On July 11, President Obama took the unusual step of writing about the Affordable Care Act for the Journal of the American Medical Association, outlining “progress to date and next steps.”
Nearing the end of his second term in office, President Obama reflected on what many would argue has been the crowning achievement and legacy of his presidency.
He began by considering the “impetus for health reform,” and was spot-on about the then state of the healthcare delivery system, characterized by:
He went on to analyze the results of the Affordable Care Act. Here are his assessments, and what I think.
“The ACA has succeeded in sharply increasing insurance coverage. Since the ACA became law, the uninsured rate has declined by 43%, from 16% in 2010 to 9.1% in 2015, with most of that decline occurring after the law’s main coverage provisions took place in 2014.”
True. We pointed out in 2010 that this law was much more insurance reform than healthcare reform. Reforms were badly needed (e.g., guaranteed issue despite pre-existing conditions, the ability of adult children to stay on their parents’ health plan until age 26, and the end of annual and lifetime caps), but the ways these reforms were put in place significantly harmed insurance companies.
St. Luke’s major concern about the law was our belief that if you significantly increase the number of people with coverage without addressing the underlying, broken healthcare delivery system, one cannot reasonably expect healthcare costs to go down. That concern remains.
“States that decided to expand their Medicaid programs saw larger reductions in their uninsured rates from 2013 to 2015, especially when those states had large uninsured populations to start with.”
“Early evidence indicates that expanded coverage is improving access to treatment, financial security, and health for the newly insured.”
I believe that this is true. These newly insured are more likely to have a primary care physician and access to medicine.
The greatest financial security has been for a subgroup of the general population – those below 400 percent of the federal poverty level, and especially those below 250 percent – since this is the portion of the population that was most likely to qualify for Medicaid, premium assistance in terms of tax credits or subsidies to help pay the cost-sharing parts of their insurance costs (deductibles, co-insurance and co-pays).
Premiums and deductibles have increased significantly for those above 400 percent of the federal poverty level, whether they purchased insurance as an individual or part of a small group or large group policy.
As for the health of the newly insured, this population has been shown to be less healthy, have higher rates of chronic diseases and to have high pent-up demands for health care. While less healthy than similar populations in individual and group policies outside of the exchange, it is believed that their health will be significantly and positively impacted through having healthcare coverage.
“The law has … greatly improved health insurance coverage for people who already had it. Coverage offered on the individual market or to small businesses must now include a core set of health care services, including maternity care and treatment for mental health and substance abuse disorders, services that were sometimes not covered at all previously. Most private insurance plans must now cover recommended preventive services without cost-sharing.”
True, but I don’t see this as an entirely positive development. This “core set of health care services” has meant providing many people with greater coverage than they need. Not everyone needs maternity care coverage, yet they are paying for it.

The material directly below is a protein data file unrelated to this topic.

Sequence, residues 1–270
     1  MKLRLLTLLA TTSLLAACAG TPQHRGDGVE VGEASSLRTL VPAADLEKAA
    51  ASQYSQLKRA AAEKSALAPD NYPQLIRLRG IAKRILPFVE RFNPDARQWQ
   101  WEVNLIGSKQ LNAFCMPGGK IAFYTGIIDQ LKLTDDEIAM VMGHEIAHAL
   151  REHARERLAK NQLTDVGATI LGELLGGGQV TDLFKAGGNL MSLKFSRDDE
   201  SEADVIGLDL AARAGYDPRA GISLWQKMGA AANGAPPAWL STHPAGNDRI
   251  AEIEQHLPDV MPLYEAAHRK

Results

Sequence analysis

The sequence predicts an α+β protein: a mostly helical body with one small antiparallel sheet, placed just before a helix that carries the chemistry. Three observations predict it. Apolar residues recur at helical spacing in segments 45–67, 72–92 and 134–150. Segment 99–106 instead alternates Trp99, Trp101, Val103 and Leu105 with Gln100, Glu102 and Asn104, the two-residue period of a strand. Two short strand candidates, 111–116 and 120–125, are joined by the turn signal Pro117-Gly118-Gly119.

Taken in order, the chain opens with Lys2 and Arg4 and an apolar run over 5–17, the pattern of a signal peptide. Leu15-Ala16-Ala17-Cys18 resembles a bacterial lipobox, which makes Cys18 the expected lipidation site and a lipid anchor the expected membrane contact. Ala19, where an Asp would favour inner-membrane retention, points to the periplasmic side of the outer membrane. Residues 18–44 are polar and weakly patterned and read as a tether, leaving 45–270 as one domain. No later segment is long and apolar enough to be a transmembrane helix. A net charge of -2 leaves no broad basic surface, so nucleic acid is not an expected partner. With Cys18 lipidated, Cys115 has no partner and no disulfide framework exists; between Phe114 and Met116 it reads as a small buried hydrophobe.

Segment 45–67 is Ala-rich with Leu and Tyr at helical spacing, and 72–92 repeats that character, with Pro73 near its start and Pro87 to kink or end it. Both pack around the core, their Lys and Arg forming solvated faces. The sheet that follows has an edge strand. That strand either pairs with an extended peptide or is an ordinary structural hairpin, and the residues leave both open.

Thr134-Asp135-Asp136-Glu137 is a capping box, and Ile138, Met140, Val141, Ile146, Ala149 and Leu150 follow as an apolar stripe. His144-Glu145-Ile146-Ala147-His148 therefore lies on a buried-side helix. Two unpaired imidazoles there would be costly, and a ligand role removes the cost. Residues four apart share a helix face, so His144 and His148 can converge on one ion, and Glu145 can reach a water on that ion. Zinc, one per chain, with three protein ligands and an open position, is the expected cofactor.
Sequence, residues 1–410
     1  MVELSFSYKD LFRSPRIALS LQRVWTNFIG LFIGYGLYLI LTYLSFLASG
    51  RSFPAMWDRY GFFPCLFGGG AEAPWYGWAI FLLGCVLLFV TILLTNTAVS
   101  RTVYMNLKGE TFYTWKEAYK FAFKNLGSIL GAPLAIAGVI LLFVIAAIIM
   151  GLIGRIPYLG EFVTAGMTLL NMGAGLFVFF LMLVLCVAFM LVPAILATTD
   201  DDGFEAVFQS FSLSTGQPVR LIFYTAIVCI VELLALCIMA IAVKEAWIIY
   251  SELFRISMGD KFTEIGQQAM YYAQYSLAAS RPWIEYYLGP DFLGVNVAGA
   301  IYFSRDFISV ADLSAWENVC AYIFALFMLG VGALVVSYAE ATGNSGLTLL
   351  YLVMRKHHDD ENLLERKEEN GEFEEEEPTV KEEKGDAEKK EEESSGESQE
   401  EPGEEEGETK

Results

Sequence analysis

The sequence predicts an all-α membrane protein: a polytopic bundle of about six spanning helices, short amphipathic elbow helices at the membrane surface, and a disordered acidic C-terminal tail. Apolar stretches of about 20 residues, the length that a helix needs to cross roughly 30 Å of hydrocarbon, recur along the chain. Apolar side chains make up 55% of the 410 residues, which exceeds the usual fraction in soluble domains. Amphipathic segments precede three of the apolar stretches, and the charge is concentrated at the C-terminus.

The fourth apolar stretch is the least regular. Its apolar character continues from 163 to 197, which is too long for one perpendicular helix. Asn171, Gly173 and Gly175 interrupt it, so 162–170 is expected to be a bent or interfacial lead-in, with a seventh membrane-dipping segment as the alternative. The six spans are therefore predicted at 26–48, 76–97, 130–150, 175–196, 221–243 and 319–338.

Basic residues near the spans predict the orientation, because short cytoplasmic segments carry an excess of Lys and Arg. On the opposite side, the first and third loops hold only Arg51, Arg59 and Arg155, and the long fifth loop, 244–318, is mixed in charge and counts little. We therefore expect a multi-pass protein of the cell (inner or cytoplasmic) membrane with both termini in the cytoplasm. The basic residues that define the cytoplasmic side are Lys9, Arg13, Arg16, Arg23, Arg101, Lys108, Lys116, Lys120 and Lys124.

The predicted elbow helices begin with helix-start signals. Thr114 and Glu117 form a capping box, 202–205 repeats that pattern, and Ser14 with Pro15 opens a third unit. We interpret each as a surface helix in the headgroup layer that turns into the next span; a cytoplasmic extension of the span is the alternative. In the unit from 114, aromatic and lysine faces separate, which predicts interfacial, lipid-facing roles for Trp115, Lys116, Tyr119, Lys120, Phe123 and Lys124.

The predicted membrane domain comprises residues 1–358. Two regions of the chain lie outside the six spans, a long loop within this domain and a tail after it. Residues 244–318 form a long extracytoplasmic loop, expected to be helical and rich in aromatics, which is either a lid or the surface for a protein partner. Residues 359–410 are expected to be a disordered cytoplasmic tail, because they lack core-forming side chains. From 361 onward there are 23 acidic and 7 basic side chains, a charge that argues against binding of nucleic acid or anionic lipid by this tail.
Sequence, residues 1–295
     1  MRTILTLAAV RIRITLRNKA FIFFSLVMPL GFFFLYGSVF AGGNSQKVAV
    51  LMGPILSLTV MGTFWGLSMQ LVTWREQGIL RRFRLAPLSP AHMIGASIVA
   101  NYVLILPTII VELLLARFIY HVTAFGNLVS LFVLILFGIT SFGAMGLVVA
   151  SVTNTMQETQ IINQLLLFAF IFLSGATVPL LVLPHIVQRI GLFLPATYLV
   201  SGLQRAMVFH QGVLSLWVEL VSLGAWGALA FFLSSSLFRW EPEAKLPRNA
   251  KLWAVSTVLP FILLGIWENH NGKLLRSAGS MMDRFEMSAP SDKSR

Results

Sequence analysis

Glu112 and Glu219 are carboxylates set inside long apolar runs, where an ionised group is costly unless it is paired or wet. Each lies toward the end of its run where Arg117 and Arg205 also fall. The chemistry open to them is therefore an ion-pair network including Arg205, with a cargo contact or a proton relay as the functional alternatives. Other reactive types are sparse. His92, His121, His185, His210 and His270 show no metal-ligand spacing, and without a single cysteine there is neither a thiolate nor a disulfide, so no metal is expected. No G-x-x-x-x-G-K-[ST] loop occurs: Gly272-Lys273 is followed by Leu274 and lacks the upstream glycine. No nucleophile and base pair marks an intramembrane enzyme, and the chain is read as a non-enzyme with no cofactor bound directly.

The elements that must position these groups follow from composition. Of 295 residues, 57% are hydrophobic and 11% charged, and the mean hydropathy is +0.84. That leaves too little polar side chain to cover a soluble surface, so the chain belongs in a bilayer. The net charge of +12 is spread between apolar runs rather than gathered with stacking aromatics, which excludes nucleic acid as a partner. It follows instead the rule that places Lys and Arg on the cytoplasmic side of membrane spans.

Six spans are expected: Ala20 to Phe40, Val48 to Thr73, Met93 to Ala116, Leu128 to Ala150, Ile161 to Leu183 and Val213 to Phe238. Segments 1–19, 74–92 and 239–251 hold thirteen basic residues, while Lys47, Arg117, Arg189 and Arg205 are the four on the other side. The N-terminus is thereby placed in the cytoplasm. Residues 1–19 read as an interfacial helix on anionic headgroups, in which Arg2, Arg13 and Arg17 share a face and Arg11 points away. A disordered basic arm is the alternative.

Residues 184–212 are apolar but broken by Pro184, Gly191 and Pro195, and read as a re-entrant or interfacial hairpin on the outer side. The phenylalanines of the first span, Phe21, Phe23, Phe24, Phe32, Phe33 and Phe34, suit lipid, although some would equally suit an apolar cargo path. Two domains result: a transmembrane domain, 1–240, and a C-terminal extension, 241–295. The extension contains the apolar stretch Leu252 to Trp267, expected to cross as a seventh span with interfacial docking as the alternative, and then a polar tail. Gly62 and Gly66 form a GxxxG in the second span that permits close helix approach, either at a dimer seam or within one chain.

On the other hand, preventive care services are beneficial for everyone, but requiring them to be provided to insureds at no cost to them increases the cost of the insurance. Both of these factors have contributed to higher insurance premiums.
“Lifetime limits on coverage are now illegal and annual limits typically are as well. Instead, most plans must cap enrollees’ annual out-of-pocket spending, a provision that has helped substantially reduce the share of people with employer-provided coverage lacking real protection against catastrophic costs.”
This is also true, but both the elimination of caps and the limitation on out-of- pocket spending have contributed to increased insurance premiums. Further, unless one qualifies financially for the cost-sharing subsidies, most Americans have seen a significant increase in the amount of out-of-pocket costs (deductibles, co-insurance and co-payments) compared with policies they had pre-ACA.
“Before the ACA, the health care system was dominated by “fee-for-service” payment systems, which often penalized health care organizations and health care professionals who find ways to deliver care more efficiently, while failing to reward those who improve the quality of care. The ACA has changed the health care payment system in several important ways. The law modified rates paid to many that provide Medicare services and Medicare Advantage plans to better align them with the actual costs of providing care … The ACA has also widely deployed ‘value-based payment’ systems in Medicare that tie fee-for-service payments to quality and efficiency of the care delivered by health care organizations and health care professionals.”
The latter part of this quote is only partly true.
First of all, the healthcare system is still dominated by “fee-for-service” payment systems, even in the Medicare program. CMS announced this year that it had achieved 30 percent of its payments under the Medicare program being tied to quality or value through alternative payment models.
It seems a stretch to indicate that ‘value-based payment systems’ are “widely deployed.” CMS has set out the goal of having 50 percent of its payments made to alternative payment models by 2018, but also clarified that many of the models that today qualify as alternative payment models would not be eligible alternative payment models under the new compensation program created by the Medicare Access & CHIP Reauthorization Act, or MACRA.